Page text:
«The relationship between art and design is thus continuously evolving and it is difficult to describe with a label: the same differentiation between the two areas now belongs to the past. In fact, the world of art and the world of design have shared information, working methods and stimuli, but they are both made up of different cases and it is impossible to generalize them into a single law» (Branzi, A., (2007), il Design è una forma d’arte, in www.ilgiornale.it del 12/06/2007)
Notwithstanding the fact that these two visions can still be references for the investigation and critical-historical analysis, there is the possibility of identifying new territories, barely visible, poorly cultivated, but potentially fertile. These new territories can arise from a synthesis of the different and distinct methodological approach of the two disciplines, as well as from the different types of relationships or from other reference plans: such as the aspects related to the social value and the market value of the objects, the involvement of other actors and productive and economic sectors, the different theoretical approach in the disciplinary training, the experimentation with new forms of products, the events where it is increasingly difficult to distinguish the disciplinary roots.
Identifying or studying these “common territories” will mean to highlight, in a new and original way, the possible relationships created from the theoretical and experimental experiences, respecting the transformations of meaning to which Design and Art are continually subjected.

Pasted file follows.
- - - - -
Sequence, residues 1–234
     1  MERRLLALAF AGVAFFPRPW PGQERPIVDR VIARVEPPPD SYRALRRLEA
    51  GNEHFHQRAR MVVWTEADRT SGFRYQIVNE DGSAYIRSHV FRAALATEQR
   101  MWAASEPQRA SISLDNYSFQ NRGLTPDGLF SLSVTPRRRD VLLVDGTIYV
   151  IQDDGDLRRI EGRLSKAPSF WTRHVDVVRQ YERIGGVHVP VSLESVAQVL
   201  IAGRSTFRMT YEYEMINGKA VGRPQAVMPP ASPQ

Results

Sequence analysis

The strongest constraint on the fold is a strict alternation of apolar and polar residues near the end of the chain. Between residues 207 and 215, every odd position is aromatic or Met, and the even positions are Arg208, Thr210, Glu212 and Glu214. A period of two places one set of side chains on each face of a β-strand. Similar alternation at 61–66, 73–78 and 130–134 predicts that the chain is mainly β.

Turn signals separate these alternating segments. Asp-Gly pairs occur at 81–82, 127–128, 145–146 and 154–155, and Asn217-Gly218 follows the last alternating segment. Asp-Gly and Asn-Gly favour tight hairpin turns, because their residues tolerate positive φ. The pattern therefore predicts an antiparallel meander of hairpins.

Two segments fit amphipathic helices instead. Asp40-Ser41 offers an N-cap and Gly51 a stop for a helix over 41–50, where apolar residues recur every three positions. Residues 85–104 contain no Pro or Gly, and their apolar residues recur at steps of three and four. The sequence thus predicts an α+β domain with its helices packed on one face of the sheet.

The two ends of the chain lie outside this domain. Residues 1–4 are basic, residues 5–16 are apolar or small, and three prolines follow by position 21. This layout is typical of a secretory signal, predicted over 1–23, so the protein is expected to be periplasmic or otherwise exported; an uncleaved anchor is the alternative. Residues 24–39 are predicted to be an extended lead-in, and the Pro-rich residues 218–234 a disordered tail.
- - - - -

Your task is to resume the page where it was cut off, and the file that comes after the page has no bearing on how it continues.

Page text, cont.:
diid #69 Design & Science | Deadline Full-Paper 15 settembre 2019
In a post of 2011, Tim Brown wrote that, in his opinion, the 20th century had seen a progressive and inexorable separation between Science and Design, marked by the development of technological disciplines. It prefigured the need to reopen a direct dialogue, no longer filtered by the engineers, with the belief that the 21st century would be the scene of important scientific developments capable of radically changing of our human experience.
In 2008, at the MoMA the exhibition “Design and Elastic Mind” has been presented. This exhibition had the merit to change the way of conceiving “doing Design”. The two curators, Paola Antonelli and Hugh Aldersey-Williams, wanted to demonstrate how the ability of Design to see beyond things, in a “probe” condition, could be the starting point of scientific research and not just the final moment when only the most “superficial” part of innovation arrives to the consumer as goods.